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01.12.2015 | Research article | Ausgabe 1/2015 Open Access

BMC Neurology 1/2015

Surgical resection of unilateral thalamic tumors in adults: approaches and outcomes

BMC Neurology > Ausgabe 1/2015
Lei Cao, Chuzhong Li, Yazhuo Zhang, Songbai Gui
Wichtige Hinweise

Competing interest

The authors’ declare that they have no competing interests.

Authors’ contributions

SG and YZ: guarantor of integrity of the entire study; study design; clinical studies; experimental studies; manuscript review. LC: literature research; data acquisition; manuscript preparation; manuscript editing. CL: data acquisition; data analysis; statistical analysis. All authors have read and approved the final manuscript.



The thalamic tumors were less common in adults and this study aimed to determine the clinical features, surgical approaches, and outcomes of adult thalamic tumors, which have not been well-described in the literature.


We reviewed the clinical presentation, surgical approach, perioperative mortality and morbidity, and outcomes of 111 operated patients (71 males, 40 females; mean age at presentation, 33.4 ± 13.2 years) with unilateral thalamic tumor.


The most common clinical presentations were increased intracranial pressure (65 %) and motor deficits (40 %). Five surgical approaches were used depending on tumor location; the most common was the transparieto-occipital approach (47.7 %). According to peri- and post-operative magnetic resonance imaging findings, the tumors were totally resected in 29 cases (26.1 %), subtotally resected in 54 cases (48.6 %), and partially resected in 21 cases (18.9 %). Five patients died during the perioperative period (4.5 %, 5/111). The most common morbidity was motor deficits (21.7 %, 23/106). According to histological findings, there were 50 high-grade and 61 low-grade tumors. Median survival of patients with low- and high-grade tumors were 40 and 12 months, respectively (mean follow-up, 37.3 months). Survival was significantly longer in cases of total or subtotal resection (median, 28 months) compared to partial resection or biopsy (median, 12 months). Survival was poorer in adults than in previous reported pediatrics.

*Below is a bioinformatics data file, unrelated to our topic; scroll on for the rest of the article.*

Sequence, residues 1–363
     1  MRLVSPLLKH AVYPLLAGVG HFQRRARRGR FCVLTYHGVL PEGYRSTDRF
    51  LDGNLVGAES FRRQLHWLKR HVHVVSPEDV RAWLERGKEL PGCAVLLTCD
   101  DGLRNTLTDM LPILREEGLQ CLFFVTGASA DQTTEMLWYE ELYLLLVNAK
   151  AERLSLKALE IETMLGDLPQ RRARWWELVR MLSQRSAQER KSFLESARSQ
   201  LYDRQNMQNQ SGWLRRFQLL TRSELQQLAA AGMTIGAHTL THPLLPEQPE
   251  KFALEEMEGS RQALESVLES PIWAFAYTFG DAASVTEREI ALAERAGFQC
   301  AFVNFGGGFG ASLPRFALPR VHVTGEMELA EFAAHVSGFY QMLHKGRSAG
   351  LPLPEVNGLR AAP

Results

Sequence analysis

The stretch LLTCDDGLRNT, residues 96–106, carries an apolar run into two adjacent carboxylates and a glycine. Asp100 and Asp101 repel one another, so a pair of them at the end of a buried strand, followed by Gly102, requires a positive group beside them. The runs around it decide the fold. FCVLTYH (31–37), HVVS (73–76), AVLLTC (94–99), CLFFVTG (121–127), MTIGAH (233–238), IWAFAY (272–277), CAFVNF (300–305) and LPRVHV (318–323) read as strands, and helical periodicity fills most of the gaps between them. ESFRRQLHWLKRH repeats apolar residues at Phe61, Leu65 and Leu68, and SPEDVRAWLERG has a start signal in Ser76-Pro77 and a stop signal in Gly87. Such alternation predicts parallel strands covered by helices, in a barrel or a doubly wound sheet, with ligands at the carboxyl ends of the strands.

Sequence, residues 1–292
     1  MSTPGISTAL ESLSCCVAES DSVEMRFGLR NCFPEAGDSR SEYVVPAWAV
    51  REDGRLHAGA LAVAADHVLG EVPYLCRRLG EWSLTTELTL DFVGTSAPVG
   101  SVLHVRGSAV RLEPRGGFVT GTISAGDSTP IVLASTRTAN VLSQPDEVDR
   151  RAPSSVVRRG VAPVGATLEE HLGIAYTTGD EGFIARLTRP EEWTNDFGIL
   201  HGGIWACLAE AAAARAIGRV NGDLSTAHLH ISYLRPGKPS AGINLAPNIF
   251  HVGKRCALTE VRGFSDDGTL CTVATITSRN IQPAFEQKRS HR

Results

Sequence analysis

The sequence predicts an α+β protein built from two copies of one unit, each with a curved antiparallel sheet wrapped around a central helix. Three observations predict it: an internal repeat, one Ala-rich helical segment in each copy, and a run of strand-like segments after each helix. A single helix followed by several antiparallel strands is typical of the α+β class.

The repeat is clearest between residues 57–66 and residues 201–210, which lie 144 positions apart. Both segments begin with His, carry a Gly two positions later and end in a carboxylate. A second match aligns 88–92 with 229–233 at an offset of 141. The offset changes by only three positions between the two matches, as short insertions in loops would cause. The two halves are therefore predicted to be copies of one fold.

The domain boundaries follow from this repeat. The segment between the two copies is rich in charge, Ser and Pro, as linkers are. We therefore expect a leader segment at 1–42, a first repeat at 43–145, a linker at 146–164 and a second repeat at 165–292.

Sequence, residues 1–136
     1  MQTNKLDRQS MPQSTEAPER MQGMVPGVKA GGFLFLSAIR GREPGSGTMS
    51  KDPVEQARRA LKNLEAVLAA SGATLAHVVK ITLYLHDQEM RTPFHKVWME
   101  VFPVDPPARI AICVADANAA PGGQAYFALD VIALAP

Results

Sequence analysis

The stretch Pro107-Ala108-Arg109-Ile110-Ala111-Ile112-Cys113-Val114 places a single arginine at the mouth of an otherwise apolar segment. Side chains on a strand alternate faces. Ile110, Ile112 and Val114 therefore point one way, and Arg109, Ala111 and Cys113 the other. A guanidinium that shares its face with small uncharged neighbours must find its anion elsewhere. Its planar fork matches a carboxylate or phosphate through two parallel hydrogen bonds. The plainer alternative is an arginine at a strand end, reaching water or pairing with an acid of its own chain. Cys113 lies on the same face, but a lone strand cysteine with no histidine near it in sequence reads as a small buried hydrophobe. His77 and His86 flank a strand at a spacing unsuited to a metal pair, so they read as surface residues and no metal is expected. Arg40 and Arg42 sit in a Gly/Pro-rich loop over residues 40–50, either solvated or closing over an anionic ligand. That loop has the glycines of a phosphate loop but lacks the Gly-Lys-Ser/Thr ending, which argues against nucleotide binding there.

Surgical treatment of adult thalamic tumors must be individualized according to tumor location. Low-grade tumors and total/subtotal resection seem to be predictors of better surgical outcomes. Nevertheless, the outcome of adult patients were still worse than pediatric patients.
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